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LETTER | Economic opportunities from Covid-19?

LETTER | Singapore, China, Japan and South Korea have been leading the world in combating and containing the spread of this virus. They have been touted as a role model for western nations who until to date are still struggling to contain the spread in their respective countries.

But events over the past one week, where these countries have previously shown success in managing and containing the virus, shows that despite a steady decline in the infection rate, containing and managing this virus will be a long term game.  

It is clear to date that the virus’ properties are not fully understood and could change. The role of asymptomatic patients is still not understood yet. The true rates of infection and immunity are still uncertain, especially where testing is limited. The only certainty is that forecasts or projections presented can change or vary by the hour or by the day or weeks.

The ability of Covid-19 to mutate and change its method of infecting human appears to imply that it will stay with the human race for good. The possibility of it returning in its existing shape or re-emerge in a different and stronger form is ever-present.

And the virus has shown that despite advances and the focus of the world in developing its economy towards everything mechanised and automated, it is simple products like the face masks and the protective clothing - which in normal times are shunned by economies as limited growth, minimal margin and unattractive industry - that are enjoying a surge in their demand that is unheard of. The world was totally caught by surprise with the limited supply as there are not many such manufacturers around.

I suggest the government give more emphasis and focus on investments on incremental innovation within the confines of existing solutions, eg ancillary products/services/equipment moving forward in its planning for the future of the country. 

If Malaysia can become the top producer in the world in the manufacturing of examination and surgical gloves, we can similarly play a significant role in medical supplies manufacturing such as face masks, protective clothing and even products like IV fluids, IV pumps, IV catheters, ventilators, and respiratory disposables. 

The world is likely to be looking at a truly global supply chain without too dependent on a few markets for items like diagnostic kits, medical supplies, and equipment to treat patients in the event there is another disruption.

For years, telemedicine has lingered on the sidelines as a cost-controlling, high convenience system in our country. Do we anticipate a shift in the paradigm of where our healthcare delivery will shift to remote office visits?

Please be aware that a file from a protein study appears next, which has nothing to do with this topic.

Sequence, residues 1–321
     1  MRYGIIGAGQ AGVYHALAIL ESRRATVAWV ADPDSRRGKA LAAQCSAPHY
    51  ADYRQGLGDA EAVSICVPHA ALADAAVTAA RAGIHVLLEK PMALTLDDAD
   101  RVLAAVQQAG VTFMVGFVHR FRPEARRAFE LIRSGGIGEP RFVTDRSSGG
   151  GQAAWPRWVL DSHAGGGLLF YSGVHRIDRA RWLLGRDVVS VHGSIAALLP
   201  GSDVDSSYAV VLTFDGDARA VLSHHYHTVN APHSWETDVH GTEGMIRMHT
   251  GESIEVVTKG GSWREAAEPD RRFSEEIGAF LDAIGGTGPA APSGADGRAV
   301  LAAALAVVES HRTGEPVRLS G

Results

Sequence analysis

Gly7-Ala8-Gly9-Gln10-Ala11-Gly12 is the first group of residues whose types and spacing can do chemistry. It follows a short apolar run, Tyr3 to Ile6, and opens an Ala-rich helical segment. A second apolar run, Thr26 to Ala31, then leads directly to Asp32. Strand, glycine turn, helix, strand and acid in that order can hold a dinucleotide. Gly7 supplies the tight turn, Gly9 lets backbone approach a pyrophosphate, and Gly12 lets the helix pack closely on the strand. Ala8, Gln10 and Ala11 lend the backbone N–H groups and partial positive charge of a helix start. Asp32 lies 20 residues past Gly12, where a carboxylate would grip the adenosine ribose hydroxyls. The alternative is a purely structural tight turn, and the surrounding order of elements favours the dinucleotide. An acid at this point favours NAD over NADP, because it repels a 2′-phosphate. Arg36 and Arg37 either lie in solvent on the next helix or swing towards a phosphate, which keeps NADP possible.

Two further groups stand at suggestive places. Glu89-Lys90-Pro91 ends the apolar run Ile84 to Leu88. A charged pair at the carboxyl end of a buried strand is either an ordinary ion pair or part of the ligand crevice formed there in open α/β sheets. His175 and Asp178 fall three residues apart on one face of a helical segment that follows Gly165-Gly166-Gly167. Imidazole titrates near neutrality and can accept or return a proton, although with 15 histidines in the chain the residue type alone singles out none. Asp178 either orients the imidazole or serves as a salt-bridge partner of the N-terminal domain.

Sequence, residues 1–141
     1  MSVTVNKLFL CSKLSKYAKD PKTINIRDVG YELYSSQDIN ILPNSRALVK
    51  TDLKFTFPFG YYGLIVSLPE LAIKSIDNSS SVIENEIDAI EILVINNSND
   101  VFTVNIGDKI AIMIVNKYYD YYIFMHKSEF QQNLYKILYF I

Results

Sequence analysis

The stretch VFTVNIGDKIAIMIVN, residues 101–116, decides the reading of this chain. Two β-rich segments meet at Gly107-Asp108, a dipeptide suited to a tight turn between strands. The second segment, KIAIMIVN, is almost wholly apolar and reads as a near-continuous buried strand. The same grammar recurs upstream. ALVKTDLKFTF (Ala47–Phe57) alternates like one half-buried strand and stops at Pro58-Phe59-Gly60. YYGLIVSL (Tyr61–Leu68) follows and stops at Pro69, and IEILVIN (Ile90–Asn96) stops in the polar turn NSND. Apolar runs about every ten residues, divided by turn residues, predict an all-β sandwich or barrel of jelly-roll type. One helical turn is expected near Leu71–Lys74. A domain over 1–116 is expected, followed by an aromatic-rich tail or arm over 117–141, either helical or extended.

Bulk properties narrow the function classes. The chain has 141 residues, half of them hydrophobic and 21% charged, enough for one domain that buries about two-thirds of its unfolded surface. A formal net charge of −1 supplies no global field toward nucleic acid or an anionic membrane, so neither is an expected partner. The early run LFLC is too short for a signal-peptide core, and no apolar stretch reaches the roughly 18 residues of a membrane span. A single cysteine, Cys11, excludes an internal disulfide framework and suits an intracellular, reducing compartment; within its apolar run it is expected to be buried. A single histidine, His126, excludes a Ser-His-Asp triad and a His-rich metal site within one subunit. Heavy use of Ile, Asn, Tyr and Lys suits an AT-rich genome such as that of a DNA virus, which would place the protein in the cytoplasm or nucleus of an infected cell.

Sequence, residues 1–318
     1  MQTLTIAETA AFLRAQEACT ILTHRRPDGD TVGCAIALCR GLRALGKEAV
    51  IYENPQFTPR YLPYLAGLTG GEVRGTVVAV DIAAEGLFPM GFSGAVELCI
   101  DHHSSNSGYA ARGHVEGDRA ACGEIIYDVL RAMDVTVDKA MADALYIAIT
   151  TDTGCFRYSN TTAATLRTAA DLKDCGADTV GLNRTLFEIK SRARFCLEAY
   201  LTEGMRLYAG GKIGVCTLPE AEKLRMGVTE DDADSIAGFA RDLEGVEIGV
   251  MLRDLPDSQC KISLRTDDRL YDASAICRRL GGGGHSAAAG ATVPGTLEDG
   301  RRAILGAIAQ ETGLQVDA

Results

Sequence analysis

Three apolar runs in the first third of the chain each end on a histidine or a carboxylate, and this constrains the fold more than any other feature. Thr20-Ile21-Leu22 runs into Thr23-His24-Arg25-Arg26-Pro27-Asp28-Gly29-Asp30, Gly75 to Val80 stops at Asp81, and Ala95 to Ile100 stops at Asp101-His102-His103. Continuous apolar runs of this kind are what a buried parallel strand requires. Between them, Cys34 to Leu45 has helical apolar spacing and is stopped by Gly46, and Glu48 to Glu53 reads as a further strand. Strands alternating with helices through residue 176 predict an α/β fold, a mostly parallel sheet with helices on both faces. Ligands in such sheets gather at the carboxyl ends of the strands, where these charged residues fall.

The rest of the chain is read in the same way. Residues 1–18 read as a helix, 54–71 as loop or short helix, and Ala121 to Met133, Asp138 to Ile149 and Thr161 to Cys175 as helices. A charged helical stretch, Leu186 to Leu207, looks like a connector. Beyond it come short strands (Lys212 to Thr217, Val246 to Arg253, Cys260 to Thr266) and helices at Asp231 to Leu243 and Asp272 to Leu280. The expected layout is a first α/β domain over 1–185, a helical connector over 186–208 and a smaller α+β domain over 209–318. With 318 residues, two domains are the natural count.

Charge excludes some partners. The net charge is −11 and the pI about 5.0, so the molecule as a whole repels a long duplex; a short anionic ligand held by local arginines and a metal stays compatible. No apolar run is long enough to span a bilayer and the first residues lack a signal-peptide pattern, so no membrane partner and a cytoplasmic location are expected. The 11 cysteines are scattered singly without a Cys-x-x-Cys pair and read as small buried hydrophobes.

This has a containment related benefits as it adheres to the concept of social distancing being the norm and reduce the stress on the existing hospital systems to only patients who need critical care. 

Yes, not everything can become virtual. But in reality uptake on genuinely useful tools in our country has been slowed by powerful legacy players often working in collaboration with over-cautious civil servants. Yes, focus on investments into telemedicine is long overdue.

Covid-19 highlighted the fact that we lack sufficient key workers to respond when things go bad. Many of these jobs were treated as non-essential and people who enjoyed these jobs were forced to abandon pursuing it, don’t pay them enough to live and buy the basic goods of life in normal times.

I hope in the government’s stimulus package announced on March 27, where it said it is channelling RM1 billion for equipment purchases and healthcare services on top of the RM500 million announced earlier to help the health ministry’s efforts to combat the spread of the virus and ensure treatment during the pandemic, a substantial portion of that would be towards the maintenance and sustenance of a ready pool of key workers in our public healthcare system.

As the explosive growth in the demand for face masks and protective clothing has shown, the future of the growth in the healthcare does not necessary have to be in the technological or high tech sector. 

In times of this crisis, the severest the world has seen to date, it is the simplest of devices that are saving humankind and not those high tech high margin products.


The views expressed here are those of the author/contributor and do not necessarily represent the views of Malaysiakini.

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